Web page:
In common with the Uncharted titles, The Last of Us also features impressive object and camera-based motion blur - the effect being far more pronounced this time around. The velocity masks seem to be rendered at a lower resolution with bilinear upscaling, but the overall effect works beautifully in making the 30 frames per second presentation move more smoothly, and artifacts only really stand out to any noticeable degree when the game is frozen. Depth-of-field follows a similar aesthetic, but its use is very subtle during gameplay, not overly blurring the scene as we see in some games.

"The contextual animation system in Uncharted 3 seems to have been taken to the next level in the game - the level of interaction between characters and environments is superb."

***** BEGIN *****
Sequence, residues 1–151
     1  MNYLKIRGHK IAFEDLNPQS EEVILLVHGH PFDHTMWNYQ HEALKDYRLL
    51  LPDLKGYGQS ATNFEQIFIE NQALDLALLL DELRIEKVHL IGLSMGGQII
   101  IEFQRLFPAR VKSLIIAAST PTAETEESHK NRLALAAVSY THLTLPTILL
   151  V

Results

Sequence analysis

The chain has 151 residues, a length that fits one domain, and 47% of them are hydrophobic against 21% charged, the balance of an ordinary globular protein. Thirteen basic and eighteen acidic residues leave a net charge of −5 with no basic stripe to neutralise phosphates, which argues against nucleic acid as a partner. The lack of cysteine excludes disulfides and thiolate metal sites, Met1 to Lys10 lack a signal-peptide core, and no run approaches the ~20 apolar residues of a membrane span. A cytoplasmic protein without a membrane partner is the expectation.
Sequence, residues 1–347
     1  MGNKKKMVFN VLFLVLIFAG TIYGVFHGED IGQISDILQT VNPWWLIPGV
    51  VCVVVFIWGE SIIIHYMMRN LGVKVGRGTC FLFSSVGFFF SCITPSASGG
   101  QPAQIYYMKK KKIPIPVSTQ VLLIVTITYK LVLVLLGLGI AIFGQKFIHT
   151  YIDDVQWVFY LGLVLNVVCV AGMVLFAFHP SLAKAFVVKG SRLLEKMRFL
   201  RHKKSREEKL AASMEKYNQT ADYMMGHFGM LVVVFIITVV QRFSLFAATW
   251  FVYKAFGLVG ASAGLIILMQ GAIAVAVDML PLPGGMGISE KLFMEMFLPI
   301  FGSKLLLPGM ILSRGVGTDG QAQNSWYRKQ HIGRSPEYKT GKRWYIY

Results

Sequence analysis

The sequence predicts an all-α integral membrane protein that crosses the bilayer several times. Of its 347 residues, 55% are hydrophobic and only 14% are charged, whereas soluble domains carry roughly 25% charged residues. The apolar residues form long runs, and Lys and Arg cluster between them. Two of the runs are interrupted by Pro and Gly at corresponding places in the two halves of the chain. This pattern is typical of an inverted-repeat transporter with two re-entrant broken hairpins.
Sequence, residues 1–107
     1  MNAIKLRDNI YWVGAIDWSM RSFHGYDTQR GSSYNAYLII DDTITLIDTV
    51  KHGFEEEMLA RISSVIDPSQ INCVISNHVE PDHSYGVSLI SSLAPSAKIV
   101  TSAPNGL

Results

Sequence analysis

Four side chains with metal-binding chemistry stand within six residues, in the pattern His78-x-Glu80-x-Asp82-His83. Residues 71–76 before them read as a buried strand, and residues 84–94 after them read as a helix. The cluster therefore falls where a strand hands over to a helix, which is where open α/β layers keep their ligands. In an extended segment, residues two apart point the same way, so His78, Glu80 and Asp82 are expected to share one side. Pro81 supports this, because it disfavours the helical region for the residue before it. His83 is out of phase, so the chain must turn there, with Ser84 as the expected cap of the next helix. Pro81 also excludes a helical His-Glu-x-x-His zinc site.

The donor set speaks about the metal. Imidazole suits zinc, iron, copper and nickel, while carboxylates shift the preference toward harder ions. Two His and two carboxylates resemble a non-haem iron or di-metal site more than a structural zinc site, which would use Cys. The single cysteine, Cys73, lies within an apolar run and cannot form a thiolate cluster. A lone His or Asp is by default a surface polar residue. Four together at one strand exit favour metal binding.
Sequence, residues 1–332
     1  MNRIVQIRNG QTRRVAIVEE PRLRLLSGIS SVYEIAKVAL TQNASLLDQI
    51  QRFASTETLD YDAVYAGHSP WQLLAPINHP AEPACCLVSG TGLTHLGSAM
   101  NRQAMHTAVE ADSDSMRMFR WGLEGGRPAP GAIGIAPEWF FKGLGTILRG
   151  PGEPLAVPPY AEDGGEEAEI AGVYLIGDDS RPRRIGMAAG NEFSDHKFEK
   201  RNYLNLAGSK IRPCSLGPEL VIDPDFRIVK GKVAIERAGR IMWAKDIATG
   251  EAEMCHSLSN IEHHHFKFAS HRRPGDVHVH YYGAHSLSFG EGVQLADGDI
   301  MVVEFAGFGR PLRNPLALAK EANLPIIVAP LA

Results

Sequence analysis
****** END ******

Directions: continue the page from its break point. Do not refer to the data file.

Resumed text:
Performance analysis of available gameplay video? Based on what we've seen of the existing gameplay footage, there's little point. It's an entirely consistent, locked 30 frames per second, with absolutely no hiccups in frame-rate whatsoever. Testament to Naughty Dog's mastery of the PlayStation 3? Perhaps. Alternatively, the firm may well have rendered the gameplay footage offline, as it did when an Uncharted 3 gameplay video running at 60 frames per second escaped into the wild. We always wondered how Naughty Dog achieved that, and the answer may well reside within a tweet from co-president Christophe Balestra, revealing the lashed-up "render farm" of eight networked PlayStation 3 debugging stations, used principally for generating cut-scene footage. There's no reason why the same set-up couldn't generate the 60Hz Uncharted 3 feed or this new gameplay footage from The Last of Us. In the case of the latter, the game will still be in development and this procedure would show the game at its very best.